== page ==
Bariatric surgery is currently the most effective and durable method for sustained weight loss and cardiometabolic benefit for the treatment of obesity [1416]. In the present study, we sought to examine the effect of bariatric surgery on adipose tissue expression of lipolytic enzymes before and after extensive weight loss in obese humans and determine whether tissue changes associate with systemic markers of whole body metabolism.

2. Materials and Methods

2.1. Study Subjects

Consecutive obese men and women (BMI ≥ 35 kg/m2, age ≥ 18 years) with long-standing obesity enrolled in the Boston Medical Center Bariatric Surgery Program were recruited into the study. Subcutaneous adipose tissue samples at baseline were collected intraoperatively from the lower abdominal wall during planned bariatric surgery, as previously described [1719]. Follow-up fat tissue biopsy was performed percutaneously via periumbilical punch and needle biopsy of subcutaneous fat during a postoperative follow-up visit. The subcutaneous depot that is sampled intraoperatively is the same anatomic layer that is accessed in our follow-up transcutaneous biopsy. Each subject provided two biopsy specimens from the subcutaneous depot, one at baseline and one during the postoperative visit. All biopsies were performed under fasting conditions. Subjects with unstable medical conditions such as active coronary syndromes, congestive heart failure, systemic infection, acute illness, malignancy, or pregnancy were excluded. The study was approved by the Boston University Medical Center Institutional Review Board and written consent was obtained from all participants.

2.2. Percutaneous Adipose Tissue Biopsy

For follow-up adipose tissue biopsies, subjects were placed in supine position with sterile draping of the abdominal region. Local skin anesthesia was performed with subcutaneous lidocaine injection and a small superficial 0.5 cm skin incision made lateral to the umbilicus with a tiny scalpel which allows for both aspiration of fat using a large-bore cannula and several punch biopsies and/or manual debridement of tissue below the skin layer, providing specimens of intact adipose tissue. The anatomic layer and qualitative yield of this procedure are the same as the intraoperative baseline collection. The superficial skin incision was then closed with self-absorbing sutures and biopsy sites were inspected in follow-up clinic within 1 week.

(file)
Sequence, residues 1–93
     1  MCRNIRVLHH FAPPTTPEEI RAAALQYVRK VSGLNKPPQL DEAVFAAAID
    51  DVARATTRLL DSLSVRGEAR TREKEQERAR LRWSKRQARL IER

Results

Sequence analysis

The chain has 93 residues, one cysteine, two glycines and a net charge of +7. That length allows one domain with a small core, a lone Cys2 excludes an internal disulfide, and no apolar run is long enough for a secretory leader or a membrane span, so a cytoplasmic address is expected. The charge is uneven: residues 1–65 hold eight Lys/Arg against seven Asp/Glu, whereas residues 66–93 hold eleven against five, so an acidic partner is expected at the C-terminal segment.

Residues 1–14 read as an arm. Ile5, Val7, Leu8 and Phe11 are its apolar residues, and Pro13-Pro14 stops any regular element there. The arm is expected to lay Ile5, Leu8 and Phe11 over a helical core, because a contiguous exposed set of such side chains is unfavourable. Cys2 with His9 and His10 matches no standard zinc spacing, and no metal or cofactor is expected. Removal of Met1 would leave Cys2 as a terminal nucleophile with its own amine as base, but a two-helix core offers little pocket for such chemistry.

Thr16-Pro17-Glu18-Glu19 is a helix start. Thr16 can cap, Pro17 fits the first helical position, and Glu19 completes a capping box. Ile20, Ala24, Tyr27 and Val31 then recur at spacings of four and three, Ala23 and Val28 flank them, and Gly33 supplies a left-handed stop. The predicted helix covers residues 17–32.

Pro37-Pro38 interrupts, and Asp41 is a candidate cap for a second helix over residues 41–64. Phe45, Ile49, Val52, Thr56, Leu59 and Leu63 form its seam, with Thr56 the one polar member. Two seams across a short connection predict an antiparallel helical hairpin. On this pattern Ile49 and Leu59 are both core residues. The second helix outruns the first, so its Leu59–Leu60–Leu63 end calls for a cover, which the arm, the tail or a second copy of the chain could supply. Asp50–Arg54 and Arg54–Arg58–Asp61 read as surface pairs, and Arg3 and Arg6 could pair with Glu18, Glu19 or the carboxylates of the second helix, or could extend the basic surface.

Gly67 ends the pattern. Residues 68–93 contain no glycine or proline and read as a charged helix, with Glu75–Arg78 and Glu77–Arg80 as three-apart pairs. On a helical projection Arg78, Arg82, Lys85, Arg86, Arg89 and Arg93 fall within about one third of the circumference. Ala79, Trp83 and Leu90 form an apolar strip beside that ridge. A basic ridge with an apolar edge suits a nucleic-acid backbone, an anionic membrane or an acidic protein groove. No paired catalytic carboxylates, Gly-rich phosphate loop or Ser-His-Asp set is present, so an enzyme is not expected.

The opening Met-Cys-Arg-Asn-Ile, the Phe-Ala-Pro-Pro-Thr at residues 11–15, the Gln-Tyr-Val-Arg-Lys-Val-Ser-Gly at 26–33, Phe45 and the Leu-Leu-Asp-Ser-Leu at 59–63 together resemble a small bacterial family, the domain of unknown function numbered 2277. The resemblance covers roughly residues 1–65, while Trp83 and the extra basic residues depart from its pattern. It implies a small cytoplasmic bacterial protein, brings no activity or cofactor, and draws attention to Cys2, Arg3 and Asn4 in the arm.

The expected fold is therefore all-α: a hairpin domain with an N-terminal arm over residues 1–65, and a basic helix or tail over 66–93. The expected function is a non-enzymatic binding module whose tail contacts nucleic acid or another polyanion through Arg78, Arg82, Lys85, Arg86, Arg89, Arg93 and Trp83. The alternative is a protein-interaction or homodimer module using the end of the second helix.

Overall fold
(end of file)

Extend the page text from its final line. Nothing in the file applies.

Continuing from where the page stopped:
2.3. Anthropometric and Biochemical Measures

During a presurgical outpatient and subsequent postoperative follow-up visit, clinical characteristics including blood pressure, height, weight, body mass index (BMI), and waist circumference were measured, and cardiovascular risk factors were recorded. Fasting blood was taken via an antecubital vein for biochemical measures including lipids, glucose, insulin, glycosylated hemoglobin (HbA1c), high-sensitivity CRP (hs-CRP), and homeostasis model assessment (HOMA) as the index of insulin sensitivity. All biochemical analyses were performed by the Boston Medical Center clinical chemistry laboratory.

2.4. Adipose Tissue Gene Expression

Immediately following adipose tissue collection, tissue samples were stored in RNAlater (Sigma Aldrich) solution at −80°C. Total RNAs were isolated from homogenized whole adipose tissues using the QIAzol reagent and RNeasy Mini kits (Qiagen, Germantown, MD). RNA (0.5–1.5 μg) was retrotranscribed with High Capacity cDNA Synthesis Kits (Life Technologies). Quantitative real time PCR reactions were performed using TaqMan gene expression assays in a ViiA7 PCR system (Life Technologies). Results were analyzed with the ΔΔCt method using GAPDH as a reference.

2.5. Statistics

Clinical characteristics of subjects were analyzed using SPSS 20.0 and presented as mean ± SD or percentage. All other analyses were performed using GraphPad Prism 6.0 software. Differences in clinical characteristics and gene expression between baseline and follow-up visits were examined using Student’s paired -tests. Spearman correlation analysis was performed to examine associations between lipolytic gene expression and clinical parameters which were normally distributed. A value of was accepted as statistically significant. Graphic data are presented as mean ± SEM unless otherwise indicated.

3. Results

3.1. Clinical Characteristics